Chapter

Tourist Troubles

Gary Alan Fine and Bill Ellis

in The Global Grapevine

Published in print May 2010 | ISBN: 9780199736317
Published online September 2010 | e-ISBN: 9780199866458 | DOI: http://dx.doi.org/10.1093/acprof:oso/9780199736317.003.0006
Tourist Troubles

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International travel brings the developed world closer to the third world, making their differences all the more visible. Rumors about unwary tourists dramatize these differences. In some, poor judgment puts westerners in mortal danger, as in the case of the “Mexican Pet,” a rat infected with rabies, or in “AIDS Mary” variants set in exotic resorts, where a chance romance brings the deadly disease. Or the danger results from ignorance of foreign customs, as in rumors where a couple's pet dog is cooked for dinner at an Asian restaurant. Many such stories are told to amuse rather than warn: a common type involves ignorance of language, leading tourists to wear emblems that label themselves as prostitutes or as underendowed. Such stories still reveal insecurity over visiting another culture's environment, however briefly. Playful conversation can be as political as serious talk.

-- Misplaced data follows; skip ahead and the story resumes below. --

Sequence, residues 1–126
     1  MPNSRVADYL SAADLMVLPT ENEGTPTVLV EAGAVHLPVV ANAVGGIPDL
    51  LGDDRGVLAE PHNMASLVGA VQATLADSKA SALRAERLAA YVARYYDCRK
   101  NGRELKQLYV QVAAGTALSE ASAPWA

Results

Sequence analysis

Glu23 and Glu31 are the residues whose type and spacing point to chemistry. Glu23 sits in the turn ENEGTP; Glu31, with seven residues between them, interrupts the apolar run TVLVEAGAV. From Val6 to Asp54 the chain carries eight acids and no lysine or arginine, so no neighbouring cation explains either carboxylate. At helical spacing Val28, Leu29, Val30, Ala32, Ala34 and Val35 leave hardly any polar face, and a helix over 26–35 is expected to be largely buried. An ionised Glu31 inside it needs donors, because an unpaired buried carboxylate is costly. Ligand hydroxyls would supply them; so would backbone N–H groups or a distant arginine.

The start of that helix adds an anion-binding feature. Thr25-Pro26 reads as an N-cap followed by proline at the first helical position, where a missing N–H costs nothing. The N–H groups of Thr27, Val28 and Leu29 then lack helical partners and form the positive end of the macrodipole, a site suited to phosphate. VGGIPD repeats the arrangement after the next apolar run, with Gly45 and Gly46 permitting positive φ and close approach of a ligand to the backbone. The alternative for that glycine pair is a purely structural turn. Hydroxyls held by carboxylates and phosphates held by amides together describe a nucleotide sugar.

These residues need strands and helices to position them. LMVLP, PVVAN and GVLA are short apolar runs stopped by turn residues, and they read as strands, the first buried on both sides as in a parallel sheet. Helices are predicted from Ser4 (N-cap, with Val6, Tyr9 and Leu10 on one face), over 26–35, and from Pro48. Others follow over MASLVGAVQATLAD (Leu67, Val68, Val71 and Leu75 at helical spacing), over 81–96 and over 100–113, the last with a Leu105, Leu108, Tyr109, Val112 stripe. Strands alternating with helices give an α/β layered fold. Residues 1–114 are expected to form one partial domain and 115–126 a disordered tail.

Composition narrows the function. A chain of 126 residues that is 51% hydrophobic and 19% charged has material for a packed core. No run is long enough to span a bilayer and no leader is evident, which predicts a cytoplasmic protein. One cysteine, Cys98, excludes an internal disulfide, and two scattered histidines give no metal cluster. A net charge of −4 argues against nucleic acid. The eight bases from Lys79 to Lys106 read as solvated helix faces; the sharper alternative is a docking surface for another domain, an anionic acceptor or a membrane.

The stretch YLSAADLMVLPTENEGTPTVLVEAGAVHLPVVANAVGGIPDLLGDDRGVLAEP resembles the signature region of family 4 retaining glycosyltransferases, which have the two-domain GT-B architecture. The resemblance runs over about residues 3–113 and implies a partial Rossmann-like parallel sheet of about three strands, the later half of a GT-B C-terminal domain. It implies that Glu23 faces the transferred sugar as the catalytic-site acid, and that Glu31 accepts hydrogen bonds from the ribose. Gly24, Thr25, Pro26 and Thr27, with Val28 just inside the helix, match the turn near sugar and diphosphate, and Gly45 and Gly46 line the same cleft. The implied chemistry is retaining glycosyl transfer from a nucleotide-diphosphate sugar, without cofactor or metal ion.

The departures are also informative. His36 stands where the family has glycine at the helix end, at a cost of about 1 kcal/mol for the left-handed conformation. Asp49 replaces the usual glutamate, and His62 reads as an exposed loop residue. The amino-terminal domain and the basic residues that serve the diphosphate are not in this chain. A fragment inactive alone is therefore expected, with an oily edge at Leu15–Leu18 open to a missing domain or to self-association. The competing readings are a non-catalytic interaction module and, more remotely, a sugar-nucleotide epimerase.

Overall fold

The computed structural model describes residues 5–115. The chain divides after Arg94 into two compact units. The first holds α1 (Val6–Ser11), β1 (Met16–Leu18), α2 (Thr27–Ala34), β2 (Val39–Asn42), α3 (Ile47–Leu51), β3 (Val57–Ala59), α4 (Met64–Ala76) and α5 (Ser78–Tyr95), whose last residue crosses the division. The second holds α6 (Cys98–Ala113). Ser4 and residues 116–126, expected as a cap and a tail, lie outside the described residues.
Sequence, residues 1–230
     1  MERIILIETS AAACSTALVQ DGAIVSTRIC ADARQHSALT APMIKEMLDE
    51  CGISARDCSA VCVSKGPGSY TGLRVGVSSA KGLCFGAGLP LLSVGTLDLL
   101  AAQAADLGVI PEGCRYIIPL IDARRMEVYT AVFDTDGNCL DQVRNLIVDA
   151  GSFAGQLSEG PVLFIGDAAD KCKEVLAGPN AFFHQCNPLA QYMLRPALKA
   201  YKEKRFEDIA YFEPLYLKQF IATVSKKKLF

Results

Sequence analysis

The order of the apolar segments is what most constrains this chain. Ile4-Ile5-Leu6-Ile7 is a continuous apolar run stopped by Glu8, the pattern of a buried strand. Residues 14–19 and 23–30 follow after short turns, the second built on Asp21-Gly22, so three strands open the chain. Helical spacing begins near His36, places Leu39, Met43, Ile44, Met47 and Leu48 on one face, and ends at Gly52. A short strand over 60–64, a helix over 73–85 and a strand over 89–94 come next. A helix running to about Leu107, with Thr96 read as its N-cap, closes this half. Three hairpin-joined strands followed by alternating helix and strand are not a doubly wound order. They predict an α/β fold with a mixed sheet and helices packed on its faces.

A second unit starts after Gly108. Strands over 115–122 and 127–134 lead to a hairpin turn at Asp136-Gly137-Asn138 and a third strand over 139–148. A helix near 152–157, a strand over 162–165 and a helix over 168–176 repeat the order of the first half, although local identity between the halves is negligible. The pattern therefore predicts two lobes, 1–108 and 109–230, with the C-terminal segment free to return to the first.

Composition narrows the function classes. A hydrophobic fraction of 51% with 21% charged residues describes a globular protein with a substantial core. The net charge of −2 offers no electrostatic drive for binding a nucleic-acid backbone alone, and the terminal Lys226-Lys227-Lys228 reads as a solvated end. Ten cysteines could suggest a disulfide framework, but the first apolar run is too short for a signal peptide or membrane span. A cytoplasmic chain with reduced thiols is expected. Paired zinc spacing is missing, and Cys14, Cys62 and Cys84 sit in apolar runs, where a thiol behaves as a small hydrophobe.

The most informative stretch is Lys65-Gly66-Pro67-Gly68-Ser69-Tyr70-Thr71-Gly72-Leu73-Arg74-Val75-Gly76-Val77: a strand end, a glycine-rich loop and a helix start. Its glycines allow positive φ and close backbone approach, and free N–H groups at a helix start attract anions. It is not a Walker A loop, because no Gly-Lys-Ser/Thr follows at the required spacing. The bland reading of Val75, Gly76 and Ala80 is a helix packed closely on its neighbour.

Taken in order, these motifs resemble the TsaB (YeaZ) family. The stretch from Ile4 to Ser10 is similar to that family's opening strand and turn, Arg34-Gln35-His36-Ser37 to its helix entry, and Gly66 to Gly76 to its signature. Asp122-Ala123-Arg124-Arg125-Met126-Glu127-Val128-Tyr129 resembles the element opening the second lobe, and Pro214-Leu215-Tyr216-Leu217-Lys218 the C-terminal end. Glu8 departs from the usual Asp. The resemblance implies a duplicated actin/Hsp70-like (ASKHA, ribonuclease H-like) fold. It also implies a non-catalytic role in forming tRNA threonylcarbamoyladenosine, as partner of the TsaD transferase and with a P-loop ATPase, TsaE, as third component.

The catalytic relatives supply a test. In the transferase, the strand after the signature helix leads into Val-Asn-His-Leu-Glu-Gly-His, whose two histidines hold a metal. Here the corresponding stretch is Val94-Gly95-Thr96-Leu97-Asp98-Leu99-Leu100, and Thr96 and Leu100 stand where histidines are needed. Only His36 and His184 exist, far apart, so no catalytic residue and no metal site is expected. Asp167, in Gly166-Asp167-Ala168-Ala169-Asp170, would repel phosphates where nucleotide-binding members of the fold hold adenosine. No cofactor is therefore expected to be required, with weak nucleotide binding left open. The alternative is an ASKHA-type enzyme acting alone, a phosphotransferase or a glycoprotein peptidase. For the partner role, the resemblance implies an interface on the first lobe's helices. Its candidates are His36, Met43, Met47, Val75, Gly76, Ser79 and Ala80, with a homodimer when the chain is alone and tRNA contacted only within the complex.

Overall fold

Keywords: tourism; travel; humor; AIDS; sex; language; foreign customs; disease

Chapter.  9821 words. 

Subjects: International Relations

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